Life of Fred
Life of Fred is a wonderful math book series about a 5-year-old college professor and his doll, Kingie, and follows him through the day. It’s a book that reads like a story, while adding in math and sometimes even science and English.
I’ll be honest and say that I bought the Apples book years ago with the intent to use it, but shelved it because I never seemed to get around to starting it. But once I decided to give it a try, I was so glad I did! The boys and I love Fred! The elementary series contains 10 books. There is an intermediate level of 4 more books, and even continues on into high school. Because the series builds on itself, you’ll want to start with Apples no matter what grade your children are in.
Beautiful art deserves attention in your morning basket. We accomplish this in many ways. We’ve enjoyed Picture Study Portfolios from Simply Charlotte Mason. They come with a booklet that has information about the artist’s life, as well as information on each picture included to share with your children during the study.
We’ve also used the above shown series to learn about various artists. The Getting to Know the World’s Greatest Artist series tells about the artist’s life and includes some pictures of the artist’s works.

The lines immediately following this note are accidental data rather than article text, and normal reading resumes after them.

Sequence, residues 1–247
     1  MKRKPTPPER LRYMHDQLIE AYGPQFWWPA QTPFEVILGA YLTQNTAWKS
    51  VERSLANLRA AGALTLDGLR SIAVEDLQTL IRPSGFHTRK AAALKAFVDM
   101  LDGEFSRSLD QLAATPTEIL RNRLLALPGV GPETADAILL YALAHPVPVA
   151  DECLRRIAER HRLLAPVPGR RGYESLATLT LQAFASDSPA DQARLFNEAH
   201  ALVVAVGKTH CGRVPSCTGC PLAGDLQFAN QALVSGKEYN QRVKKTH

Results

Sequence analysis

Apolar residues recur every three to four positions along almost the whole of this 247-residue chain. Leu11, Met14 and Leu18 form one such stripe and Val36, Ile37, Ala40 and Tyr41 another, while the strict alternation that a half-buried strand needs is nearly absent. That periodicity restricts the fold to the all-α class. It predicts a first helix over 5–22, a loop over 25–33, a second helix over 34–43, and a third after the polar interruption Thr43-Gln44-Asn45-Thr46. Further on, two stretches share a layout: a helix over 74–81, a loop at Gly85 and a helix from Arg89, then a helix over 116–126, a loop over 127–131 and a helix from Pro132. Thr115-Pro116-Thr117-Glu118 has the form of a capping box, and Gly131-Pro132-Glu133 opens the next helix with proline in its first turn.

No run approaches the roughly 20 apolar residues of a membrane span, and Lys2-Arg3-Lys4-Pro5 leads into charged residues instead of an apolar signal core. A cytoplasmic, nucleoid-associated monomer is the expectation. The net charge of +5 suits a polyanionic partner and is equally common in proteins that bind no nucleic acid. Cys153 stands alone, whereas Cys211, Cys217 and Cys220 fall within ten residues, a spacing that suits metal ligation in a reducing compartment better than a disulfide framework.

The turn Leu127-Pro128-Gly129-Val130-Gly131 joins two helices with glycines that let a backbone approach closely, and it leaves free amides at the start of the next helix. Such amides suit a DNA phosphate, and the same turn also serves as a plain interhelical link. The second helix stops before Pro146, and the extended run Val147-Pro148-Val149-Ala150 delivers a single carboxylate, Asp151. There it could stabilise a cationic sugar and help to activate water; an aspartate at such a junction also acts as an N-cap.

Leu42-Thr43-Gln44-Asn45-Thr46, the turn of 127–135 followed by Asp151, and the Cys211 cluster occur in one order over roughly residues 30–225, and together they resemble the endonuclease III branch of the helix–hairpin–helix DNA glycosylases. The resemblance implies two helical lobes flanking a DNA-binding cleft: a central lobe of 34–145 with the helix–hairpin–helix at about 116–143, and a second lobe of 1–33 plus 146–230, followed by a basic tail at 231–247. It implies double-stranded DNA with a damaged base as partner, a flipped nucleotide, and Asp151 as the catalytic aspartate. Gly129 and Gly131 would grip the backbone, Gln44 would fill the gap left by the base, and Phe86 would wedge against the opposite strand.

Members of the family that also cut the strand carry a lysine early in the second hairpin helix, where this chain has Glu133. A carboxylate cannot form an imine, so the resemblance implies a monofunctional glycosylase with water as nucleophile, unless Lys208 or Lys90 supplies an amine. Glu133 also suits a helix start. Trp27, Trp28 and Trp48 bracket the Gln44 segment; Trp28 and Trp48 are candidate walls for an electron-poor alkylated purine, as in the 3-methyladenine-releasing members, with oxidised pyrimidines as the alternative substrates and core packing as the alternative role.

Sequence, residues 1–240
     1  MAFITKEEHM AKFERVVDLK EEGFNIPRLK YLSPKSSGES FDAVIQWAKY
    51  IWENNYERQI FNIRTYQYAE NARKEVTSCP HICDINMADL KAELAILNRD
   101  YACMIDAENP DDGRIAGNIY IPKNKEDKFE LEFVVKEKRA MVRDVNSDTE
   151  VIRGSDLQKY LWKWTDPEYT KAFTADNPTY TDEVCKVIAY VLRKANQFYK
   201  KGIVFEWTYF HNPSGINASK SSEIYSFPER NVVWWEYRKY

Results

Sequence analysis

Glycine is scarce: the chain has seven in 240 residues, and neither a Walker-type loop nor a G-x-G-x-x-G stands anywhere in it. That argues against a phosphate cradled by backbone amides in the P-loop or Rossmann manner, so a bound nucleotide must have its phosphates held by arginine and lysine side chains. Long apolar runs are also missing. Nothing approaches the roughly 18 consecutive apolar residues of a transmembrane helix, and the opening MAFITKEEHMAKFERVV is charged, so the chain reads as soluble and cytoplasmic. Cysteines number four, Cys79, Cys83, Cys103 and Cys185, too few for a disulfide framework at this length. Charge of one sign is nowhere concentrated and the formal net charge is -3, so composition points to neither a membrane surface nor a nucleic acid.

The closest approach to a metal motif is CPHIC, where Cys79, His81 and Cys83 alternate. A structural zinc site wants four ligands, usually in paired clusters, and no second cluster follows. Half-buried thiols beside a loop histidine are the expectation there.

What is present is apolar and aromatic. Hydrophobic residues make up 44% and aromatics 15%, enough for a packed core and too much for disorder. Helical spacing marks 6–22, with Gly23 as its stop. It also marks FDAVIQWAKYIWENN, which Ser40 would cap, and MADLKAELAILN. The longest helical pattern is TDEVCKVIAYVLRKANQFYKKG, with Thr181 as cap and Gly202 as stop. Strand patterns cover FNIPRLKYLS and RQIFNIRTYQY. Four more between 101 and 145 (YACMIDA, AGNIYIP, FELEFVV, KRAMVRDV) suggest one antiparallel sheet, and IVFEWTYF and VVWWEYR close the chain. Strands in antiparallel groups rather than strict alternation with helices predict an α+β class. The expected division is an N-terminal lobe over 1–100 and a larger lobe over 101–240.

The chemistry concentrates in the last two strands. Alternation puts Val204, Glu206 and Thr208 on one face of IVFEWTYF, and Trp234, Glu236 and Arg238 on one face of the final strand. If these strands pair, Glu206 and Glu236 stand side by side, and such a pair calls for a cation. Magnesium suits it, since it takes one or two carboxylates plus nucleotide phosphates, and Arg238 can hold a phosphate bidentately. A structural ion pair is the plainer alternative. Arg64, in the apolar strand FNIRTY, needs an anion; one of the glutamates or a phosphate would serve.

One of our favorite ways to study art history is through a monthly membership program called The Studio from Art History Kids. In The Studio, each month a different artist or art topic is covered. For example, one December we studied snow landscapes from three different artists. But a month later in January, we studied just the works of Roy Lichtenstein.
Each week, we receive an email with a link to a PDF of the lesson, which includes observation, learning about the artist, integrating the art with other subjects, and creating our own art. The art projects are very open-ended and use only materials easily found at home. My boys and I love it! As one of my readers, you can even try out a free sample lesson. Check out this post for an Art History Kids review, which also includes more ideas for adding art into your homeschool day.